HOUSTONThe chairman of the Federal Energy Regulatory Commission (FERC) pushed back against insinuations of an “anti-gas agenda” at last week’s CERAWeek by S&P Global, insisting that permit approvals are more likely to stand up to judicial scrutiny when his agency conducts rigorous reviews of applications.

FERC Chairman Richard Glick cited the Atlantic Coast natural gas pipeline project as an example.

“That was canceled because their regulatory reviews kept getting thrown out in courts because the previous administration wasn’t handling their reviews right,” Glick said. “We have the Mountain Valley Project that FERC has approved, but the Forest Service, the Interior Department, their reviews were found deficient.”

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The EQT report suggests that U.S. LNG exports can increase to an incremental 50 Bcf/d, the combined equivalent of electrifying all passenger

Sen. Joe Manchin (D-W.Va.) responded harshly to Glick’s comments when he spoke later at CERAWeek, maintaining that FERC has abdicated its responsibility to work with industry and offer guidance in following regulations.

“I’m not saying push them through quickly,” Manchin was quoted as saying in reference to projects awaiting approval. “Just do your damn job, that’s all I told him.”


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Glick acknowledged the frustration of developers when delays and costs mount but he maintained that FERC’s approach was more legally durable.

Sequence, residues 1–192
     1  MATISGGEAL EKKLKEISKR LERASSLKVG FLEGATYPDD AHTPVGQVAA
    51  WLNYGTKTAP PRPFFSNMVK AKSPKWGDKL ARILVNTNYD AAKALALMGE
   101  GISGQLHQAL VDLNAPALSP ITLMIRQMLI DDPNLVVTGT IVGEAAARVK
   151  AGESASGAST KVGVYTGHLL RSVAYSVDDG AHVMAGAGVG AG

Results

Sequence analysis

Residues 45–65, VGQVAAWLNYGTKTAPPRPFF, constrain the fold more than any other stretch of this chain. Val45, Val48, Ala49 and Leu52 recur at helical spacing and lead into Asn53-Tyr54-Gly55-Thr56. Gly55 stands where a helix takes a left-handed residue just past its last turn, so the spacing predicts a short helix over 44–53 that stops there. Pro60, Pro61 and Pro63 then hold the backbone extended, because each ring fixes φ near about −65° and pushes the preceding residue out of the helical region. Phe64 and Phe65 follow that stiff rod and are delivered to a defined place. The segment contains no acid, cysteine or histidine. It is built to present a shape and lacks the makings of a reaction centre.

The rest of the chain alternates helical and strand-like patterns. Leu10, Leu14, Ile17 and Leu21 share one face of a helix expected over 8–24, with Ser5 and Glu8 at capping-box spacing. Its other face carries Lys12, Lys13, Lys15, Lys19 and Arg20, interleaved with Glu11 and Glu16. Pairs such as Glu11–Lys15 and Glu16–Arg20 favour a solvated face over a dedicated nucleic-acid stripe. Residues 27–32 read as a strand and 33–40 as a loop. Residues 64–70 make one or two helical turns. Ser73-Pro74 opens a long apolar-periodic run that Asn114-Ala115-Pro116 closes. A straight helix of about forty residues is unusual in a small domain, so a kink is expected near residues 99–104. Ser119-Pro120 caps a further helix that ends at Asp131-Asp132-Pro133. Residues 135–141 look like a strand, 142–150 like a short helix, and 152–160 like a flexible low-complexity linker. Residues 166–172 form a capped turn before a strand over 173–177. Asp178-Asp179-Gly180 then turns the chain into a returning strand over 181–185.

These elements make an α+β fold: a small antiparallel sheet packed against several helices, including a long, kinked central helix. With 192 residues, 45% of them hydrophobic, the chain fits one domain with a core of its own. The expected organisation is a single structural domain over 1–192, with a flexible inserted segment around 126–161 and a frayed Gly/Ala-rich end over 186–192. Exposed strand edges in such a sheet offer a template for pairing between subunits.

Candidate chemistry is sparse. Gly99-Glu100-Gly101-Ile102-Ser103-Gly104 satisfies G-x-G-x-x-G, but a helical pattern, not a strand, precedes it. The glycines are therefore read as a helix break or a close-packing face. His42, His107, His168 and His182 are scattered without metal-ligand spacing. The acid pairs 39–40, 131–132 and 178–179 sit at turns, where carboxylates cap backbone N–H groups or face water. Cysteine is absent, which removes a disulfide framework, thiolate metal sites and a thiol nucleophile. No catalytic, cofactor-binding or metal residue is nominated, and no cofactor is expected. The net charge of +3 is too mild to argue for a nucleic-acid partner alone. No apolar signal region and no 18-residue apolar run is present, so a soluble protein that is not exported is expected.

“Yes, that might require a couple extra months on the front end in terms of a review of the environmental impacts of the project and analyzing the greenhouse gas emissions,” he said. “But just because you analyze greenhouse gas emissions, like we analyze any other potential environmental impacts for each project, doesn’t mean the project will be rejected. What it does mean is that we’ve got to do our job … and when the courts review them, you know what? They’re going to say, ‘they approved the project and they did it the right way.’”

What it takes to get approved

Getting to approval is likely to depend on how the hydrocarbons are ultimately used, and the process with federal agencies is anything but straightforward. A developer may view construction of an LNG export terminal as a simple matter that fits climate policy because it allows an overseas customer to shift from coal to gas.

But the export component is beyond FERC’s jurisdiction, Glick said. It is the Department of Energy that reviews the environmental implications of the gas when it gets sent overseas.

However, if a domestic pipeline project can be shown to transport gas to an electric generation facility that will replace coal or fuel oil, the commission will take those emission reductions into account when deciding on a permit approval. Those aspects of the application would be considered benefits.

A growing population in a particular area in need of more natural gas to consume is a positive factor, as well, he said.

“By its nature, if you’re going to utilize the pipeline more often because it’s a growing area, the emissions are going to be higher,” Glick said. “But then again, you’re balancing those emissions on the impact on climate change against the benefits of the project or to satisfy the growing energy needs of an area.”